Calling out lies an essential part of journalism

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American news media tends to portray every political argument as having two equally valid opposing sides. Regardless of the weight of the facts, any time a controversy emerges, news programs almost always host dueling guests to argue their viewpoints. This is done in the name of balance and objectivity, and news agencies often try to portray themselves as impartial referees above the fray. Unfortunately, it has become increasingly common to see these efforts to maintain an image of objectivity lead to the promotion of false equivalences.

A perfect example is the debate over climate change. The scientific consensus over climate change is clear: the planet is warming, and human activity is a major contributor. The only real debate among climate scientists is over issues of severity and timescale, not root causes or the basic mechanics of the Earth’s climate.

But you wouldn’t know that from watching most newscasts. Deniers of climate science, who are nearly universally connected to fossil fuel interests or the right-wing politicians who champion the cause of that industry, are treated as if the debate over climate change is not a largely settled issue. Proponents and deniers of climate science are generally given equal time, and the demonstrably false position of climate science denial is framed as simply a difference of opinion rather than the deliberate dissemination of corporate propaganda.

The media’s modus operandi of refusing to call lies what they are and instead presenting them as valid differences of opinion is a large part of what led to their manufacturing of consent for Donald Trump as a presidential candidate, and it consistently provides his administration and its surrogates with ideological cover as they spread their falsehoods.

The lies of Trump and his administration need to be confronted directly and explicitly, not just by the partisan anti-Trump outlets, but by all journalists. Many publications choose to confront these lies with ambiguous language like “unsubstantiated claims” or by saying that the administration “has not provided evidence” to back up their assertions.

NPR and other news agencies have justified their refusal to use the word “lie” by arguing that they cannot know the internal motivations of politicians who make “false claims,” as they call them. While we can’t know what anyone’s internal dialogue is, we do know that the president has access to a lot of information and can declassify much of it at will. When Trump claims that millions of votes were fraudulently cast in the 2016 election or that Barack Obama personally wiretapped his office, the fact that he has provided no evidence to support these claims in the face of the mountain of evidence against them assures us that these are lies rather than simple mistakes.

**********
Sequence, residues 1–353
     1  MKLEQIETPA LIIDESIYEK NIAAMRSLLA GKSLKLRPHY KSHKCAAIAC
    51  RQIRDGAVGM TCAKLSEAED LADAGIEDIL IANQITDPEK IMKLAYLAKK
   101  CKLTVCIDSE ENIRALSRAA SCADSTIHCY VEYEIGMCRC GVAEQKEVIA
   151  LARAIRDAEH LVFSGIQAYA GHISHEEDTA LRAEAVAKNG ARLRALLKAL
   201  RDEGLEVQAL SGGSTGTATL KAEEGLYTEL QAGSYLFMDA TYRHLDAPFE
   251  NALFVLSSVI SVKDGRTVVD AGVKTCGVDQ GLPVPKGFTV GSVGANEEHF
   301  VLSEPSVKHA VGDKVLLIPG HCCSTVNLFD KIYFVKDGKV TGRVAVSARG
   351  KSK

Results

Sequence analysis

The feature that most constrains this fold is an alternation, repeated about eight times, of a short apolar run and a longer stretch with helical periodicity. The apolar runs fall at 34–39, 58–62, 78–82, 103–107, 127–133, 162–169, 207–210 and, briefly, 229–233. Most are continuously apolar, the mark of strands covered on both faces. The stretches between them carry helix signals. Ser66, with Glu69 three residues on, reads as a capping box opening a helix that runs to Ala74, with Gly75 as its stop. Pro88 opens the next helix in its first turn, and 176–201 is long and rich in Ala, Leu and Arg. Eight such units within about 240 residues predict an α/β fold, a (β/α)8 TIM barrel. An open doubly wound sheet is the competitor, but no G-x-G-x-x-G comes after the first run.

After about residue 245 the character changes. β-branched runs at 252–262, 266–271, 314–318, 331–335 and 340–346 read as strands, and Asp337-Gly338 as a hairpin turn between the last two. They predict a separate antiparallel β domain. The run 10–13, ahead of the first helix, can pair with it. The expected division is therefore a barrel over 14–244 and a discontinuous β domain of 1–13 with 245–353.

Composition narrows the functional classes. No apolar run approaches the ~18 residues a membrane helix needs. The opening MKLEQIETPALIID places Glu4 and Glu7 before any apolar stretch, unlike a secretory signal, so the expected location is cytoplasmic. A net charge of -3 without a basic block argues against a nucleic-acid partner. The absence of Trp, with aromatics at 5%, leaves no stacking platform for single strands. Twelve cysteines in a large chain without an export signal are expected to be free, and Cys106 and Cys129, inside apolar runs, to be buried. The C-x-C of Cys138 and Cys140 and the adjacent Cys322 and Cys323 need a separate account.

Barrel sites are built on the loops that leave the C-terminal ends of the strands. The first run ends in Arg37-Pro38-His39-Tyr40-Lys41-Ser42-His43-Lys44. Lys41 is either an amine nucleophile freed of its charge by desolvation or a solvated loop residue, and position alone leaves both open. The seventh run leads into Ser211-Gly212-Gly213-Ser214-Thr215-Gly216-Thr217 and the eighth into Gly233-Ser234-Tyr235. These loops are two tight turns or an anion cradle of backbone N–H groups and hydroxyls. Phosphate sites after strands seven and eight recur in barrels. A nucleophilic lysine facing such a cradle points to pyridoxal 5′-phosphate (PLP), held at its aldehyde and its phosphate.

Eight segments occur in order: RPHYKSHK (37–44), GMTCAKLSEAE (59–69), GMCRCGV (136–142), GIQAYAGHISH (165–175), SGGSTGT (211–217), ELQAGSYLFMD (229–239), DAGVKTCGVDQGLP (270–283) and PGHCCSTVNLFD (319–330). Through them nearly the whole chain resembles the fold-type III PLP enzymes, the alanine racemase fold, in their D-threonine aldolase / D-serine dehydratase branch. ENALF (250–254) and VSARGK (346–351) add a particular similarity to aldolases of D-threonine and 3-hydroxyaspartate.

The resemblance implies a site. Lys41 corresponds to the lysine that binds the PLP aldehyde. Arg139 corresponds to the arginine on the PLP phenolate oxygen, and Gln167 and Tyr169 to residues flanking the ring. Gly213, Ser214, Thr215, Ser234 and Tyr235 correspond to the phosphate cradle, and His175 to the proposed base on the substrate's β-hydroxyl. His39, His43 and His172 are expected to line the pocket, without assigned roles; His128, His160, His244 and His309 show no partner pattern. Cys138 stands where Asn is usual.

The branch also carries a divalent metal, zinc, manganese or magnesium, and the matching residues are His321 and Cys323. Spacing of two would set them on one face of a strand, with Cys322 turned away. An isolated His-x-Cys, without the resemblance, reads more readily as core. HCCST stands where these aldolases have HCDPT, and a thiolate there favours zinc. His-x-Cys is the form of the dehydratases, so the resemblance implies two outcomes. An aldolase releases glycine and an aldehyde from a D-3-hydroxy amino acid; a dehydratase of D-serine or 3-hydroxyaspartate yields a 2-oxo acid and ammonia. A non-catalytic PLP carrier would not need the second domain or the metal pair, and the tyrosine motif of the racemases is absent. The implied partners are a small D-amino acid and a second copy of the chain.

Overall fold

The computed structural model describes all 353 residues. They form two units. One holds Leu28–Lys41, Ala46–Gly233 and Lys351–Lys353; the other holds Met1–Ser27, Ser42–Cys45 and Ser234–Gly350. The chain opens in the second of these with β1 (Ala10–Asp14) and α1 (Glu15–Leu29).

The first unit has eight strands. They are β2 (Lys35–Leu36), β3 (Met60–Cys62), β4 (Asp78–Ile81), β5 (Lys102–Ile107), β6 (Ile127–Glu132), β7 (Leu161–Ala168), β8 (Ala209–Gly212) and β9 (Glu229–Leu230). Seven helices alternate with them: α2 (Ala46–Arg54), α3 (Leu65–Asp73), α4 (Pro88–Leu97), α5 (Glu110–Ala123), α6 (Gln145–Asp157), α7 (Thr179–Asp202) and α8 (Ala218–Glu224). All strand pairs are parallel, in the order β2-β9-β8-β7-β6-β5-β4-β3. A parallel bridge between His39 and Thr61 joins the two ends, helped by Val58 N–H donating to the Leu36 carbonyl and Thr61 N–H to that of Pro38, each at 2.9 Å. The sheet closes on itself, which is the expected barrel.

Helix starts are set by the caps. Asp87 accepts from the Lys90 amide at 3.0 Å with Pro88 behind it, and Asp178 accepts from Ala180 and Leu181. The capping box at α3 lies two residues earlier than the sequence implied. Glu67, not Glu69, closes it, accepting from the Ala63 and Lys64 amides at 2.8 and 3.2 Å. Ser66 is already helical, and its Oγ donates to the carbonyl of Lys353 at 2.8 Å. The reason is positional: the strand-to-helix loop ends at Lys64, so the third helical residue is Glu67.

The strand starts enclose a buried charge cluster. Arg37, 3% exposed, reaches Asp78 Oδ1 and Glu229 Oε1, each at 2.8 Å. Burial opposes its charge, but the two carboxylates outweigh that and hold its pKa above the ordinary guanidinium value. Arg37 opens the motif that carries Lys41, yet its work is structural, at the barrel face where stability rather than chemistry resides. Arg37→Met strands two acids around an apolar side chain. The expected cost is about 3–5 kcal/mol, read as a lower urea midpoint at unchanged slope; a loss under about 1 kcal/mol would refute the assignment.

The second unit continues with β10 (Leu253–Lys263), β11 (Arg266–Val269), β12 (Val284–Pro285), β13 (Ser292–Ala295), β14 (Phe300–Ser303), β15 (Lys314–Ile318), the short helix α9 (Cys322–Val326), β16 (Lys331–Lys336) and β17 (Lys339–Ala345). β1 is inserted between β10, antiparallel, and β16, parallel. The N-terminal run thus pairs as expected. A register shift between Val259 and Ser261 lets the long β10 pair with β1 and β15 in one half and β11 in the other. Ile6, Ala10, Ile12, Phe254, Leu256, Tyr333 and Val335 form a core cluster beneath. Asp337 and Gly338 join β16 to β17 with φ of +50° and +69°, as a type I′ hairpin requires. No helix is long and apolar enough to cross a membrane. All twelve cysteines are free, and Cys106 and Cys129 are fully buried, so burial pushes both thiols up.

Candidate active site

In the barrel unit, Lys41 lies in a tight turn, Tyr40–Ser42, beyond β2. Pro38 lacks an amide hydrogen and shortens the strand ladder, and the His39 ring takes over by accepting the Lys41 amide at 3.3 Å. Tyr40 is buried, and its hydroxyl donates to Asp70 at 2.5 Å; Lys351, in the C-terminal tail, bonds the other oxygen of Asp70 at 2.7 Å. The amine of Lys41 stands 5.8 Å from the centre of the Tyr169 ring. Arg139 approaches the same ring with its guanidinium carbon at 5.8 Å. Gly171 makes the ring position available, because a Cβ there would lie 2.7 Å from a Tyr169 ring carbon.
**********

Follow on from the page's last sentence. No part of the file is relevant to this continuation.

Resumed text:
A similar dynamic is occurring with the various Trumpian politicians who have become more vocal with their reactionary views since Trump’s election. Iowa Republican Congress member Steve King recently made news with a racist tweet that argued that western civilization cannot “be saved” by someone else’s (read: non-white) babies. In his tweet and subsequent comments during media interviews, King doubled down on that and past racist comments, alluding to the white nationalist myth of white genocide through demographic change and birthrates. Most mainstream outlets described his comments as “seen by some as white nationalist in nature,” or some other ambiguous framing. King and his ilk need to be called what they are by journalists: racists who regularly use language that previously has been reserved to the right-wing fringe of neo-Nazis and Klansmen. When the media fails to do this, they enable people like King to walk these kinds of comments back. This is exactly what King has done: blown a piercing dog whistle picked up by a specific racist demographic, then saved face when public opinion started to turn against him by claiming he was talking about culture, not race.

The media’s unwillingness to point out lies makes it easier for the Trump administration and its allies to both double down on their false claims when they play well with their base and walk back claims that prove unpopular. When news anchors and reporters give the benefit of the doubt to Trump’s claim of massive voter fraud, it leaves room for the administration to claim that the facts are simply in dispute, when really, there is no evidence to support their case. In cases when the public largely rejects Trump’s lies, such as his recent claims of being wiretapped as a candidate, he can walk it back by claiming the media simply misunderstood him.

The most basic function of journalism is to report the facts. Many journalists seem to think that means being a stenographer who repeats whatever claims a politician makes regardless of their veracity. The mission of any decent news agency should be to not only report what was said, but to explain the interests behind those statements and make clear to the viewer whether they are factual. When journalists fail to explicitly call out politicians’ lies, they becomes accomplices to deceptive political manipulations, utterly failing in their critical role in maintaining democracy and informing the public.